Since my sons were born, I’ve tried to speak openly about gender. I’ve taught both of them, now ages 5 and 9, how to spot the ways the world holds girls and women back. I’ve also taught them about gender norms in toys and clothes, and why it is OK for both boys and girls to break them.
I thought I was being proactive in my approach until recently – when I realized there was a large, hiding-in-plain-sight, missing piece in everything we discussed. We never once spoke directly about masculinity or dug into what it means to be a boy or a man.
A big reason for this failure was inadequate vocabulary. Parents and caregivers to girls can rely on the word “feminism” should they want to frame girlhood as both positive and dynamic. Calling one’s daughter a “feminist” allows for change and progress without limiting girls or criticizing femininity.
With boys, there was no such term until recently. The closest runner-up was the phrase “toxic masculinity,” which refers to the parts of the male identity that are bad for men, boys and everyone else. These behaviors include things such as suppressing emotions or resorting to violence for self-expression.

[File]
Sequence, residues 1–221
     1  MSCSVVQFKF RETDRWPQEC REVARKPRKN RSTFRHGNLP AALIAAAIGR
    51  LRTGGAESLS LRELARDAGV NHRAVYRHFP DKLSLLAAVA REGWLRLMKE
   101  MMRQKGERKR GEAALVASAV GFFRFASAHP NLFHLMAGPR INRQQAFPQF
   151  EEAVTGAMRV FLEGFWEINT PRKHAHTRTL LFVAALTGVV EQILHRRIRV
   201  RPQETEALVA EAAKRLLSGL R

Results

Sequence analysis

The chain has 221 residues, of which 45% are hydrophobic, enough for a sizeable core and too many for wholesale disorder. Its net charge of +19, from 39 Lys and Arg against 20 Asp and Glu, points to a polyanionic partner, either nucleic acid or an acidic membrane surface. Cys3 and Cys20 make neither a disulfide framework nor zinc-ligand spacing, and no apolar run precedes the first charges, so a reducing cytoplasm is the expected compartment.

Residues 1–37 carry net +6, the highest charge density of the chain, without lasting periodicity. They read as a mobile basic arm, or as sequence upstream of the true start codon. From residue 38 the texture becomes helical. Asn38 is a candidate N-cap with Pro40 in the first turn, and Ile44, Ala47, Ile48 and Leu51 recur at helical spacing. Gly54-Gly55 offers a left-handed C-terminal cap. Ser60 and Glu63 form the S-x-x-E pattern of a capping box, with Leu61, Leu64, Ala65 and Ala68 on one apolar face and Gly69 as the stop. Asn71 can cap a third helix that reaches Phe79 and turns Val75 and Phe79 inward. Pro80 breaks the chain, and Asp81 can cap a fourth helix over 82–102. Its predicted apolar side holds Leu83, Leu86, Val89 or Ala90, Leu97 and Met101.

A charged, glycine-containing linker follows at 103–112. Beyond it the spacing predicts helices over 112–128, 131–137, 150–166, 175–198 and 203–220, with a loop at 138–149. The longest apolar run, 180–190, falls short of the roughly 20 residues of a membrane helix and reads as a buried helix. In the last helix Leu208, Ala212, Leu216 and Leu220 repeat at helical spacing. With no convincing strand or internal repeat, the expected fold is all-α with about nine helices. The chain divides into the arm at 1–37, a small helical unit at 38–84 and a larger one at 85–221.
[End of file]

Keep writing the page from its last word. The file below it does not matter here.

The problem is my boys and their friends are lovely, sweet and not at all toxic. Why would I start a conversation with my boys about “boyness” on such a critical note? Doing so might result in silencing or shaming my sons for behaviors or traits they don’t have.
What I needed was vocabulary that includes all the ways being a boy can be positive and dynamic while also helping them think critically about masculinity. I needed criticism wrapped in hope – hope in their capacity to grow and thrive, and hope that they can be part of a conversation that leads to a better, more nuanced understanding of gender that benefits everyone.
Thankfully, gender experts and activists are now formulating a new way to speak to boys about being a boy.
Boys, in their estimation, can feel good about being a boy, learn to be critical of some traditional masculinities, and see themselves as part of a better tomorrow for all genders and gender identities.